White served as a United States senator from Tennessee from 1825 to 1840. He had previously served on the Tennessee Supreme Court, and he ran for president in 1836 as a Whig, finishing third behind Martin Van Buren and William Henry Harrison. (McBride and Robison, Biographical Directory of the Tennessee General Assembly, 776–778.)  

    McBride, Robert M., and Dan M. Robison. Biographical Directory of the Tennessee General Assembly. 6 vols. Nashville, TN: Tennessee State Library and Archives and the Tennessee Historical Commission, 1975.

  7. 7

    Likely Silas Wright Jr. (Democrat), a lawyer and senator from New York. (Biographical Directory of the United States Congress, 120, 2204.)  

    Biographical Directory of the United States Congress, 1774–2005, the Continental Congress, September 5, 1774, to October 21, 1788, and the Congress of the United States, from the First through the One Hundred Eighth Congresses, March 4, 1789, to January 3, 2005, inclusive. Edited by Andrew R. Dodge and Betty K. Koed. Washington DC: U.S. Government Printing Office, 2005.

  8. 8

    In Thompson’s copy of the letter, this parenthetical statement reads: “which our representative Mr Steward promised to do.” “Mr. Steward” is a reference to Representative John Todd Stuart of Illinois. (JS and Elias Higbee, Washington DC, to Seymour Brunson, 7 Dec. 1839, copy, JS Collection, CHL; Biographical Directory of the United States Congress, 1995.)  

    Biographical Directory of the United States Congress, 1774–2005, the Continental Congress, September 5, 1774, to October 21, 1788, and the Congress of the United States, from the First through the One Hundred Eighth Congresses, March 4, 1789, to January 3, 2005, inclusive. Edited by Andrew R. Dodge and Betty K. Koed. Washington DC: U.S. Government Printing Office, 2005.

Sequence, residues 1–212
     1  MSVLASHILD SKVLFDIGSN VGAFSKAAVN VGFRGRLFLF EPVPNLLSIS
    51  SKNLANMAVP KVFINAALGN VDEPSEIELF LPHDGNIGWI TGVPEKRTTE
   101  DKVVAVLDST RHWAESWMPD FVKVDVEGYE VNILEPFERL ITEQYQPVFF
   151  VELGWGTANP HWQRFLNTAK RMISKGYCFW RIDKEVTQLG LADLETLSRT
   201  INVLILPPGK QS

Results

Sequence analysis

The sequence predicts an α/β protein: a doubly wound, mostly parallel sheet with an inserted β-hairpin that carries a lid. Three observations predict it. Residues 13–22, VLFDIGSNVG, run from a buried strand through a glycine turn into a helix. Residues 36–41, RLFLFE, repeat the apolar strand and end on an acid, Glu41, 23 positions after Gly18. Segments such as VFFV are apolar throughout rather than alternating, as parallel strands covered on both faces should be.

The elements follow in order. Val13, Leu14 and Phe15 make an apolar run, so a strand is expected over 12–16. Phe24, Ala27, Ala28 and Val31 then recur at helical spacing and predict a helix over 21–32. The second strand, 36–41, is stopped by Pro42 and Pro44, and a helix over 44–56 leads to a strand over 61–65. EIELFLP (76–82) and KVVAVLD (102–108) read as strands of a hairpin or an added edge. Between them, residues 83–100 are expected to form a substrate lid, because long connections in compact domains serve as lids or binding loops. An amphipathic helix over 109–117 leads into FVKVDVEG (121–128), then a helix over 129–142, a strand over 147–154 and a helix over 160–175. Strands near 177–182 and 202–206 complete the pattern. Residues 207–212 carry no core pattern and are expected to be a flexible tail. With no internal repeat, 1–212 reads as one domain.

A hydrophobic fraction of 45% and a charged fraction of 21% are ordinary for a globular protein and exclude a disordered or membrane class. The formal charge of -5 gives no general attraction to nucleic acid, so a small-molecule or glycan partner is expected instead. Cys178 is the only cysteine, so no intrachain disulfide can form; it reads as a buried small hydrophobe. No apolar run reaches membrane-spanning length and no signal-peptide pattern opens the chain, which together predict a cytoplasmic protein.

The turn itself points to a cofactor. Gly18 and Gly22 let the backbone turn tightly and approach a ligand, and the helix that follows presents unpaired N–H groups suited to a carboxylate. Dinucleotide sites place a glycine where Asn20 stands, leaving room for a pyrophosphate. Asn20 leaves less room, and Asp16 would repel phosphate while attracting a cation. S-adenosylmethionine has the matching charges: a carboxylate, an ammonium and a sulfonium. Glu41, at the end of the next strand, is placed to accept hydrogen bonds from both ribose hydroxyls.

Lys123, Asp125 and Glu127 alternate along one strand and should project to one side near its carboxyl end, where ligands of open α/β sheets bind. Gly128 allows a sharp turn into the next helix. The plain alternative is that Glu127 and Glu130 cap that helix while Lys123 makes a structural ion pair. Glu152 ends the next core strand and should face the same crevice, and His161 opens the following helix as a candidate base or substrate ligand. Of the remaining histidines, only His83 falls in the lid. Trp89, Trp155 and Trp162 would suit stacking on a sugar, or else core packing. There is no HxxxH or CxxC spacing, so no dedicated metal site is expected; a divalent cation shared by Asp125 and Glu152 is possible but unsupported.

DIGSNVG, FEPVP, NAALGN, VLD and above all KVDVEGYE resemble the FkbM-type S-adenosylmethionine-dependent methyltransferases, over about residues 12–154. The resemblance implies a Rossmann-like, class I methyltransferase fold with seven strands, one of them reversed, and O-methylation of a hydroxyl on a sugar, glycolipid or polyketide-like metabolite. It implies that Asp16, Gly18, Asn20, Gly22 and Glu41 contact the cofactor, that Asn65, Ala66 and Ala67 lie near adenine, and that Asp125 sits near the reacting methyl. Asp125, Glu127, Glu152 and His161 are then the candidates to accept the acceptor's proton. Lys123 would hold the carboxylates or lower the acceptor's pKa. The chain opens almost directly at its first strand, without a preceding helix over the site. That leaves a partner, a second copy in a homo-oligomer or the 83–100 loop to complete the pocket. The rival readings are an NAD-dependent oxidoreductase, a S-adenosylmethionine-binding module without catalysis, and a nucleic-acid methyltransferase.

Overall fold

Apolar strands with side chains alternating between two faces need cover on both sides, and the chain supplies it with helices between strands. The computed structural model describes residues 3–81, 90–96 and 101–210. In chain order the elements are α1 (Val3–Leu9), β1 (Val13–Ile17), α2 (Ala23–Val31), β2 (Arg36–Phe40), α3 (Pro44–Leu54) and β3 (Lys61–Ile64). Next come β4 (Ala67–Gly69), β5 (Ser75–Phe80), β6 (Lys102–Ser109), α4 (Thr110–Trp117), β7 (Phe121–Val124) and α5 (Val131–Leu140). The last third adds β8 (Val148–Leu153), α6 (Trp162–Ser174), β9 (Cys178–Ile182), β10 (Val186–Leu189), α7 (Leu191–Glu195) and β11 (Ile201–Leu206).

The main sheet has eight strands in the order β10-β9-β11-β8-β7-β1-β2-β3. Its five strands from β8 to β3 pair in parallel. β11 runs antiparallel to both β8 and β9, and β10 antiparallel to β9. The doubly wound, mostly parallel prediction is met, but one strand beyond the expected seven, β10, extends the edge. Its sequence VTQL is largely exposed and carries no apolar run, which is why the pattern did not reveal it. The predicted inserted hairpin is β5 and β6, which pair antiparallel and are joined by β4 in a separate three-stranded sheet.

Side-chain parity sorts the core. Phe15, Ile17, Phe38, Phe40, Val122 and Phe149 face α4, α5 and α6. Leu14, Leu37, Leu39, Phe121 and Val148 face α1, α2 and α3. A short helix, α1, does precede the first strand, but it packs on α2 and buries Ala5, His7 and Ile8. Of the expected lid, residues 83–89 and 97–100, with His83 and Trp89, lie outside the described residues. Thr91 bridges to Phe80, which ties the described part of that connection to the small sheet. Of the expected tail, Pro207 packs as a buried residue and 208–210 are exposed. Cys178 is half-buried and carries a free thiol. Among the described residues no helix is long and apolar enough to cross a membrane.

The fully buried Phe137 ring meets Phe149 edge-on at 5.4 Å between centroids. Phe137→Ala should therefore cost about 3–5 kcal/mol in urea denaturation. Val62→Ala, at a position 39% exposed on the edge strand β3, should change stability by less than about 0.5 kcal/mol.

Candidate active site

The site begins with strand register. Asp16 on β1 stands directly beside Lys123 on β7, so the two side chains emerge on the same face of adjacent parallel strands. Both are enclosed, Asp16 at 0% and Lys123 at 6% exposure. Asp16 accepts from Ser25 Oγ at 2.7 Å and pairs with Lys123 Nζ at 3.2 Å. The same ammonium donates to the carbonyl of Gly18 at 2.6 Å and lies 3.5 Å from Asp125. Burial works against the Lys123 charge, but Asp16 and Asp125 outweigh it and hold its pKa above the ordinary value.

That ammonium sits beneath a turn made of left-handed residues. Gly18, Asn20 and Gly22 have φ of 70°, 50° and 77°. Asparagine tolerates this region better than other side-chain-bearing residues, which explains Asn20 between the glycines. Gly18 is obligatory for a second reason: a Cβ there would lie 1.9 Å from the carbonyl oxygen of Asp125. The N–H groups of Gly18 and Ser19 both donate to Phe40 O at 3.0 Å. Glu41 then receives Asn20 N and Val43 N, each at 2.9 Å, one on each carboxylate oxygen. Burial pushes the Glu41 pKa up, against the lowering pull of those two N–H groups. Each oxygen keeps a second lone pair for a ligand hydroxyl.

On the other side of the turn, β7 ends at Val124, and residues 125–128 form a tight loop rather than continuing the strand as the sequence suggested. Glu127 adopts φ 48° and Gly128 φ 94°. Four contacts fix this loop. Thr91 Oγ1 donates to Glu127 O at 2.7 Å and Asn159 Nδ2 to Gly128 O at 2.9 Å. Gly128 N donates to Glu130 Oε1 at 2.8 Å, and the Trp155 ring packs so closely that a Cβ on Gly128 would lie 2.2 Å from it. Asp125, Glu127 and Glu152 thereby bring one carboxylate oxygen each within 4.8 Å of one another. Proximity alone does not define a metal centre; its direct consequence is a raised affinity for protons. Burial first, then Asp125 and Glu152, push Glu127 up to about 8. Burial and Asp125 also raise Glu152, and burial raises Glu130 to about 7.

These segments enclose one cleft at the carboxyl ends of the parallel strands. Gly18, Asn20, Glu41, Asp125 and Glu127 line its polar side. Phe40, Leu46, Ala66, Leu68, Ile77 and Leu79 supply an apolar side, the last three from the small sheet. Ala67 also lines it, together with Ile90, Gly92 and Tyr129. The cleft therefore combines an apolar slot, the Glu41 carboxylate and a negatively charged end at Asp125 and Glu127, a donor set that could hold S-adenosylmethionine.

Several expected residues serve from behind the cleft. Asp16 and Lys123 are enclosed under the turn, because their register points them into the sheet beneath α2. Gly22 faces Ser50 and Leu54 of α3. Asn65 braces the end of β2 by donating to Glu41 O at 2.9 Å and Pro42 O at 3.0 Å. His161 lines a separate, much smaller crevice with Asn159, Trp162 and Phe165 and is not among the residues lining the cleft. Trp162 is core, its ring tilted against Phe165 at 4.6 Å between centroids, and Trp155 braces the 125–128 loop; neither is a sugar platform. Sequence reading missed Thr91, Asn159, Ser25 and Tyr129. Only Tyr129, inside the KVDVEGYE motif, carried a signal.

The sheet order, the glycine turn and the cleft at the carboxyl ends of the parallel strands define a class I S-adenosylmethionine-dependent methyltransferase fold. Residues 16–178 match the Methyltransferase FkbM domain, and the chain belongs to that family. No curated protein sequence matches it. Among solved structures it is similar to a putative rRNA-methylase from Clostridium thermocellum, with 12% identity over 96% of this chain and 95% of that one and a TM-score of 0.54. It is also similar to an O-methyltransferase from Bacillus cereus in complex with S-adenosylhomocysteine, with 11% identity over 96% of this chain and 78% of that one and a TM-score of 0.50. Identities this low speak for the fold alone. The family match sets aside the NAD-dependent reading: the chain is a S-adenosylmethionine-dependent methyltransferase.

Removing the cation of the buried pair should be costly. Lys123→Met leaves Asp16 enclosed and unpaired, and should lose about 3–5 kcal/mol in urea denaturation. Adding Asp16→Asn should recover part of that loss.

9. 9

    Before arriving in the capital, the church’s delegation to the federal government had started drafting a memorial to Congress and gathering affidavits from church members that itemized property lost or damaged in Missouri. The delegation hoped the government would print and distribute the memorial with these affidavits. (Historical Introduction to Memorial to the United States Senate and House of Representatives, ca. 30 Oct. 1839–27 Jan. 1840; Letter from Elias Higbee, 24 Mar. 1840.)  

  10. 10

    Preemption rights were a contractual agreement to purchase a tract of public land before it became available for purchase by a person or an entity. The holder of the preemption rights to a piece of property effectively had the first option to buy the property. Because the conflict in Missouri occurred right before the land became available for sale, church members claimed that their attackers sought to take away the Saints’ preemption rights for their own economic advantage. (Affidavit, 20 Jan. 1840; Memorial to the United States Senate and House of Representatives, ca. 30 Oct. 1839–27 Jan. 1840; see also Walker, “Mormon Land Rights,” 4–55.)  

    Walker, Jeffrey N. “Mormon Land Rights in Caldwell and Daviess Counties and the Mormon Conflict of 1838: New Findings and New Understandings.” BYU Studies 47, no. 1 (2008): 4–55.

  11. 11

    The Third Amendment of the United States Constitution prohibits the quartering of soldiers “in any house, without the consent of the Owner.”